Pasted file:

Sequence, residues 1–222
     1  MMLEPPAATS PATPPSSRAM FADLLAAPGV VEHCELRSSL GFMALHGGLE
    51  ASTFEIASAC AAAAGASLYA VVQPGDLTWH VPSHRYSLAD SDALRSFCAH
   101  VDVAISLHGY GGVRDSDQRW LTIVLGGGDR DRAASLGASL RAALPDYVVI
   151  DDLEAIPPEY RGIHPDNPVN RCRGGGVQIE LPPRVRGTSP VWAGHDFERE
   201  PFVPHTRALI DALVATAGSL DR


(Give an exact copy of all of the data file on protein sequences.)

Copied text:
Sequence, residues 1–222
     1  MMLEPPAATS PATPPSSRAM FADLLAAPGV VEHCELRSSL GFMALHGGLE
    51  ASTFEIASAC AAAAGASLYA VVQPGDLTWH VPSHRYSLAD SDALRSFCAH
   101  VDVAISLHGY GGVRDSDQRW LTIVLGGGDR DRAASLGASL RAALPDYVVI
   151  DDLEAIPPEY RGIHPDNPVN RCRGGGVQIE LPPRVRGTSP VWAGHDFERE
   201  PFVPHTRALI DALVATAGSL DR